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George H. Petit Letters

Two letters, 12 January and 23 February [18]64, written by Geo[rge] H. Pettit, a Union seaman stationed aboard the U.S.S. Carnation at Port Royal give details of Union navy activities in the area, including an account of "quite a scare" as related in the earlier letter. "About 12:30 A.M. on Sunday morning," Pettit writes, "we were sent on a reconnoitering expedition to Paris Island about two miles up the River. I tell you...I thought that we were going to have a brush with the Rebs, we were called out at first by a boats crew from the `Vermont' all armed, we got up steam and then proceeded up the River when all of a sudden we ran aground, so the only thing to be done was to send the boat which we did, who... performed their part satisfactorily and upon their return reported that they had captured one Trout the enemy being nothing more than a lot of Contrabands spearing trout...."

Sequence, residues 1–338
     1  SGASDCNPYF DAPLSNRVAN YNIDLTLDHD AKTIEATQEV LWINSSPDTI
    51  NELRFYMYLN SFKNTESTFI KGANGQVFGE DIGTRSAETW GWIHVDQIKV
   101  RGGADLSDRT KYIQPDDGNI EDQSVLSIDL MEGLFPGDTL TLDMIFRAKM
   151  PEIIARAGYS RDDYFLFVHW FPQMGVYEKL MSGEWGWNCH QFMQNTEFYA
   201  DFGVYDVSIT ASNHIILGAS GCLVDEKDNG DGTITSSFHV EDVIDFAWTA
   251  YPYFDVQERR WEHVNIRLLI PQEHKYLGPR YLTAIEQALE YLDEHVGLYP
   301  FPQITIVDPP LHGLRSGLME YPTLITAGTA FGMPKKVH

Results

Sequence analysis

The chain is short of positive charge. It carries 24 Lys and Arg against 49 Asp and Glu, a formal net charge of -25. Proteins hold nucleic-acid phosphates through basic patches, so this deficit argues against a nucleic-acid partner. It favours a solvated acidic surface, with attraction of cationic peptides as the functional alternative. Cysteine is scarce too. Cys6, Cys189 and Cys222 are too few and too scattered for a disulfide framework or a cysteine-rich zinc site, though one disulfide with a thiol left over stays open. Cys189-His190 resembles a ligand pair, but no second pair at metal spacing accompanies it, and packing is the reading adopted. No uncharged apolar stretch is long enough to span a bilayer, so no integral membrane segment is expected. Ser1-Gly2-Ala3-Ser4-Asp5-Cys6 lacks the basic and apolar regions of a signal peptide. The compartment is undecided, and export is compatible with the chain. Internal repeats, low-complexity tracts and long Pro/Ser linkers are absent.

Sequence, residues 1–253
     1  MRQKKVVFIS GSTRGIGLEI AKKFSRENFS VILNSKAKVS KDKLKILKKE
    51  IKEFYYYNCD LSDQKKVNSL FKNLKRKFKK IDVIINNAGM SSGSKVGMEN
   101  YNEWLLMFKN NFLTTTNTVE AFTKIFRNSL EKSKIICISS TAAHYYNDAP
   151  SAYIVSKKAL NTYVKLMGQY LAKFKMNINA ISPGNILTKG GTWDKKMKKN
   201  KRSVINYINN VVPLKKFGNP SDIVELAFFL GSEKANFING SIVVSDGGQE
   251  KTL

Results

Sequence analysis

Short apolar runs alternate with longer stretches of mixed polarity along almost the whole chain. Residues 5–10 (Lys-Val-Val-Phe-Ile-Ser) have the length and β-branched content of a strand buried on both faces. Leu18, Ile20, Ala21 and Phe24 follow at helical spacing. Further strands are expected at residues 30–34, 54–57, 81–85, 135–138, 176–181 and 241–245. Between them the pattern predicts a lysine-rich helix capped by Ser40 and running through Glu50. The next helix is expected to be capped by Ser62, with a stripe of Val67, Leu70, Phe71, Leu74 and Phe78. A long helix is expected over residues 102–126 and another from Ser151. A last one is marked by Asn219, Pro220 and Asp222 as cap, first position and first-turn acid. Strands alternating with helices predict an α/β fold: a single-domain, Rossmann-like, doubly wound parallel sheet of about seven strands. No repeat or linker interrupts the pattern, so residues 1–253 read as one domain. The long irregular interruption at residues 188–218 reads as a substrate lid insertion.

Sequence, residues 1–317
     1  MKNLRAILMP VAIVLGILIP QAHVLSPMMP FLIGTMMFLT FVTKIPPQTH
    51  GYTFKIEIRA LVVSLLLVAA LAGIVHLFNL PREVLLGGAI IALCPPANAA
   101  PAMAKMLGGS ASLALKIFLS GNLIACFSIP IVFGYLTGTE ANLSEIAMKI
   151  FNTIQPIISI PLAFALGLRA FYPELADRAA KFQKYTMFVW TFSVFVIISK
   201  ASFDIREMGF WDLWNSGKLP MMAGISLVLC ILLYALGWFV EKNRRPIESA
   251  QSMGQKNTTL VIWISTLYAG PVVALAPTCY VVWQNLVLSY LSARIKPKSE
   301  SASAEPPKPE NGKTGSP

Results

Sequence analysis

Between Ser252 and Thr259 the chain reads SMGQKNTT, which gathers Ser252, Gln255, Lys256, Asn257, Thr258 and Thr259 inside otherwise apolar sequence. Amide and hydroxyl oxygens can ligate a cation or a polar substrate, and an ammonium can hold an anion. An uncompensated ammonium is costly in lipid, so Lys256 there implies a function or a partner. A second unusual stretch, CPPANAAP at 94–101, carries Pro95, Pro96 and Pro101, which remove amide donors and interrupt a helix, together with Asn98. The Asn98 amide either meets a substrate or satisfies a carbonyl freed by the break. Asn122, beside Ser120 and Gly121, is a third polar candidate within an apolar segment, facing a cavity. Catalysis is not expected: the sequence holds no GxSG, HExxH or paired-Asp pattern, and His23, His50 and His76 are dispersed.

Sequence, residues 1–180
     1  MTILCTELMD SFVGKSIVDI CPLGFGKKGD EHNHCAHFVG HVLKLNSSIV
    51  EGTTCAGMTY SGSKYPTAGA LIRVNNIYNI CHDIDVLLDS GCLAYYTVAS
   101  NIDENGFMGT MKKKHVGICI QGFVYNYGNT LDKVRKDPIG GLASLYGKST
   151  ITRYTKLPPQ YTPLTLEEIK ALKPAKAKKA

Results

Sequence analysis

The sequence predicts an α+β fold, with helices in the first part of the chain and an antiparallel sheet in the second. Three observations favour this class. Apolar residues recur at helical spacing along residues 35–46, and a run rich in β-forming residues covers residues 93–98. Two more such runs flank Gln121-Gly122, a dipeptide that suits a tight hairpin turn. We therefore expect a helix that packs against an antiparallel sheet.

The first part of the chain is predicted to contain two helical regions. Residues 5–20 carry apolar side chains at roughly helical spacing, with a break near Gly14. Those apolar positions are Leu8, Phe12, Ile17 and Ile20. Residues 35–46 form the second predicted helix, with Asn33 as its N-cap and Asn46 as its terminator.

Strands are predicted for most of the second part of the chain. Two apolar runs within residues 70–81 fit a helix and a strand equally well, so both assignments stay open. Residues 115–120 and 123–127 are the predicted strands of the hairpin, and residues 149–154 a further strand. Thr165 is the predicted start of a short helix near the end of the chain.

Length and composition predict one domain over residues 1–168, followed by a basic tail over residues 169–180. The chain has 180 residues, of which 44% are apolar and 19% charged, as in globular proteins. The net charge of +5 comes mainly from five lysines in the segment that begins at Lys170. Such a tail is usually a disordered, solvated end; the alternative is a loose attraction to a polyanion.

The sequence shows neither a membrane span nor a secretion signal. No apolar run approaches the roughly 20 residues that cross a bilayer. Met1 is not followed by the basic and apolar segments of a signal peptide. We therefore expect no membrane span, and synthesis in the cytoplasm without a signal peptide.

The second letter comments on excitement over the defeat of Union forces in Florida and provides details of the sinking of the Housatonic--"There is also some little excitement here about the Gunboat...being blown up by a Torpedo from Charleston attached to a Cigar Boat...she was lying at the time outside the Bar, when they saw this boat coming towards the vessel, they hailed it, when it immediately sank and very soon afterwards it exploded under her quarter, sinking her almost immediately...she was one of the largest and finest gunboats in the Navy."

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